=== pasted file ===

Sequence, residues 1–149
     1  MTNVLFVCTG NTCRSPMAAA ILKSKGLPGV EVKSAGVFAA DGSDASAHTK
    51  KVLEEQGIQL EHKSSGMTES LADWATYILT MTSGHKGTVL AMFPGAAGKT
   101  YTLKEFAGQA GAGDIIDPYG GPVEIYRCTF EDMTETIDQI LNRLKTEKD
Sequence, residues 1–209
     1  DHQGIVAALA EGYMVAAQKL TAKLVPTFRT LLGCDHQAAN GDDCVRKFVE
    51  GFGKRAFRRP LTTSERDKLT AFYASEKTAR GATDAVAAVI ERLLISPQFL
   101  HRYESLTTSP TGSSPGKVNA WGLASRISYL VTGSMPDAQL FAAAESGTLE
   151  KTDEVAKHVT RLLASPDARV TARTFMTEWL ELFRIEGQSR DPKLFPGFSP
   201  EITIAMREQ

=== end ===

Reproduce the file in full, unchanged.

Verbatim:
Sequence, residues 1–149
     1  MTNVLFVCTG NTCRSPMAAA ILKSKGLPGV EVKSAGVFAA DGSDASAHTK
    51  KVLEEQGIQL EHKSSGMTES LADWATYILT MTSGHKGTVL AMFPGAAGKT
   101  YTLKEFAGQA GAGDIIDPYG GPVEIYRCTF EDMTETIDQI LNRLKTEKD
Sequence, residues 1–209
     1  DHQGIVAALA EGYMVAAQKL TAKLVPTFRT LLGCDHQAAN GDDCVRKFVE
    51  GFGKRAFRRP LTTSERDKLT AFYASEKTAR GATDAVAAVI ERLLISPQFL
   101  HRYESLTTSP TGSSPGKVNA WGLASRISYL VTGSMPDAQL FAAAESGTLE
   151  KTDEVAKHVT RLLASPDARV TARTFMTEWL ELFRIEGQSR DPKLFPGFSP
   201  EITIAMREQ